FSA recognizes that these additives must be listed on the products label by law so, parents can make the choice to avoid the product. However, Professor Jim Stevenson from Southampton University and author of the report, said: “Parents should not think that simply taking these additives out of food will prevent hyperactive disorders. We know that many other influences are at work, but this at least is one a child can avoid.”

FSA’s call to industry

On 13 September 2007 FSA met with food industry bodies to establish what action is being taken following the publication of the study for additives and behaviour. According to FSA, the industry bodies present stated that since 2003, there has been a widespread trend to move away from the use of artificial colours in food and drink products – especially those aimed at children.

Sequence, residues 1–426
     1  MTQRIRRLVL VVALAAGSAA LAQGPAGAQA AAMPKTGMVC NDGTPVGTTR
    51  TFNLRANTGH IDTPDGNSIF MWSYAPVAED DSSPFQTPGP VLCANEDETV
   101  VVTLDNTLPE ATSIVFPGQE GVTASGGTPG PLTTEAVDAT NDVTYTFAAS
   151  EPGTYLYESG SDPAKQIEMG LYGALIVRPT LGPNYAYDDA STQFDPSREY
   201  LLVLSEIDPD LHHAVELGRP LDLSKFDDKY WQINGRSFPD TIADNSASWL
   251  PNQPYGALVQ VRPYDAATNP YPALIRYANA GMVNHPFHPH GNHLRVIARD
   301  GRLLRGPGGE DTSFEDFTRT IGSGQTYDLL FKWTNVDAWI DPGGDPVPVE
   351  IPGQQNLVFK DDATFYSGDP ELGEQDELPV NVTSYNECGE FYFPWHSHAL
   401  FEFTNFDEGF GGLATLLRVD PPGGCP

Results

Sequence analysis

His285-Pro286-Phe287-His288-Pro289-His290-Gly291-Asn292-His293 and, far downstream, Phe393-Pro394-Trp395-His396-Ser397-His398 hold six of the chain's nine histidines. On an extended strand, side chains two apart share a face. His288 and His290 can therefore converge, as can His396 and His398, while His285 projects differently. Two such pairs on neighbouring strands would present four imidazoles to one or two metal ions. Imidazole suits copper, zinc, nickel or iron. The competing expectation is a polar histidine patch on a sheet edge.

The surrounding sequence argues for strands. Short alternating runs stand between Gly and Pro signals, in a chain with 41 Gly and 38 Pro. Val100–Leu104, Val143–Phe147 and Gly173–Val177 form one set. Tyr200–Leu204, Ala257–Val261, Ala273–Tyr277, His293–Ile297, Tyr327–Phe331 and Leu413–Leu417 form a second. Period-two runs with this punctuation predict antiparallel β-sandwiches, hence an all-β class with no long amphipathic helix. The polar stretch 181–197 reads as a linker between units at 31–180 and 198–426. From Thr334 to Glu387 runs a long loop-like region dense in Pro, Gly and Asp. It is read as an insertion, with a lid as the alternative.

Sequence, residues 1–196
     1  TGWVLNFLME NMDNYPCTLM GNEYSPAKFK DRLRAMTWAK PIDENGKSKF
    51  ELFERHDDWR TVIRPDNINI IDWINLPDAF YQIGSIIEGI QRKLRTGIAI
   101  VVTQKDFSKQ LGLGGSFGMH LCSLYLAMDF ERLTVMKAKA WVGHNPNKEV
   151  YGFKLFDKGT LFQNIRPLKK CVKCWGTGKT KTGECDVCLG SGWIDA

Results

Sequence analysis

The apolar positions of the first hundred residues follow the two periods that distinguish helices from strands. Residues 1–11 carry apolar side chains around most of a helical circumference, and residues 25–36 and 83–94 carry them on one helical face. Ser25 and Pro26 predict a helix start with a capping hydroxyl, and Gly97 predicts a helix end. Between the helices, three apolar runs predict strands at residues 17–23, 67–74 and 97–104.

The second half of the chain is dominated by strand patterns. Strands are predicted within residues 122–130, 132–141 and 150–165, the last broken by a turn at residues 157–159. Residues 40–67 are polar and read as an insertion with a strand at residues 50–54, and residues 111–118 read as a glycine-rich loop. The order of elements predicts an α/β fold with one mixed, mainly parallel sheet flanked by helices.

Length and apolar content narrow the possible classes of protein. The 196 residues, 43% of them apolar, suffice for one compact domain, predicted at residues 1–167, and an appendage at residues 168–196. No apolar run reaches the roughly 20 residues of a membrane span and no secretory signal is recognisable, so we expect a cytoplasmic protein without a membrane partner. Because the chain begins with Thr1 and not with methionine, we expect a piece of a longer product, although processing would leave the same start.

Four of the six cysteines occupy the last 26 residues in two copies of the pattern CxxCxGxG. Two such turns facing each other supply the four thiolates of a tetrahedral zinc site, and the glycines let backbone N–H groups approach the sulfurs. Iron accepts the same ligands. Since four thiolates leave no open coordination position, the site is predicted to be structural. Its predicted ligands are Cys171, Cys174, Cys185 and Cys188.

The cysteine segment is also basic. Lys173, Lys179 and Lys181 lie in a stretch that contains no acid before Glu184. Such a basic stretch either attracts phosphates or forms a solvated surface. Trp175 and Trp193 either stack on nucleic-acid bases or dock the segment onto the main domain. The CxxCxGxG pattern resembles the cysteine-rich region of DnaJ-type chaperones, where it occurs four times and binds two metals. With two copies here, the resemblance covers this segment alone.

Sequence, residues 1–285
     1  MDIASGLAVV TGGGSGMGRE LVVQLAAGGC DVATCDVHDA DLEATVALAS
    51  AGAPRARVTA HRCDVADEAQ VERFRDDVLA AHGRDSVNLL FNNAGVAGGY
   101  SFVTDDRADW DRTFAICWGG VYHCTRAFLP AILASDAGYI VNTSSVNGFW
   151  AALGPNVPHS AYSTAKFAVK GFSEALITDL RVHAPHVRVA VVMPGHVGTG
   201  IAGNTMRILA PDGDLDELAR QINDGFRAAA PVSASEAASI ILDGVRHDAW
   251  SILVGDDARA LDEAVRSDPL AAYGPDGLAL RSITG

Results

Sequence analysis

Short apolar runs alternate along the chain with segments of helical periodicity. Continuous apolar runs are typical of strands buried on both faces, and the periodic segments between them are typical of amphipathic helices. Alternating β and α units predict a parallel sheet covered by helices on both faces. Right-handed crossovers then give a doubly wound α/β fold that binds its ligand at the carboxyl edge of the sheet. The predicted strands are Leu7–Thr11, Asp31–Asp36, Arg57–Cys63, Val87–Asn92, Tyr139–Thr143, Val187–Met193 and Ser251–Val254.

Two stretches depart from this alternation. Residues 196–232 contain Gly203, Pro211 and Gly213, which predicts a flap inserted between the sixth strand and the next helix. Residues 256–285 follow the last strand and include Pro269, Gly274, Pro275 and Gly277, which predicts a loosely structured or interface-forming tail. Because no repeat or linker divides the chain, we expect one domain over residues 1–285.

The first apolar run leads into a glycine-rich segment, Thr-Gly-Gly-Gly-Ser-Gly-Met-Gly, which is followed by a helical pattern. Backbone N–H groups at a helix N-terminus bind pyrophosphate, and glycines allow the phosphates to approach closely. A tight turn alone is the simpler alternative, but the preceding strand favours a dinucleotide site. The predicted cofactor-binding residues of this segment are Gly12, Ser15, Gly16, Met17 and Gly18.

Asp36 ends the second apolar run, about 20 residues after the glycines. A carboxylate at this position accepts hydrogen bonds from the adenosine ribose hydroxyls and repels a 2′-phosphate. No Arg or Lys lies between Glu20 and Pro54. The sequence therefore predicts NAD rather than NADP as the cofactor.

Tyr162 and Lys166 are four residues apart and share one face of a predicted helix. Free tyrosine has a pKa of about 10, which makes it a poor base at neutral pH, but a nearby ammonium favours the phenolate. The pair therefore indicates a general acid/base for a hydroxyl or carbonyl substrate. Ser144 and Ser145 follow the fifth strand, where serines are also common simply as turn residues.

In addition, industry representatives quoted data from a market analyst, Mintel, showing that 24% of all new food and drink products launched onto the market contain no artificial additives and also claimed that many supermarket own brand products aimed at children are free from artificial colours.

The FSA has shared these research findings with the European Food Safety Authority (EFSA), which is currently conducting a review of the safety of all European Union permitted food colours.
EFSA expects to have completed the work on colours by the end of 2008.


For further information:

Final technical report for additives and behaviour study

Food Standards Agency’s article about advice on artificial colours

FSA information about the Committee on Toxicity (COT)

COT statement investigating the mixtures of certain food colours and a preservative on behaviour in children

FSA research project article: T07040: Chronic and acute effects of artificial colourings and preservatives on children’s behaviour

European Food Safety Authority

University of Southampton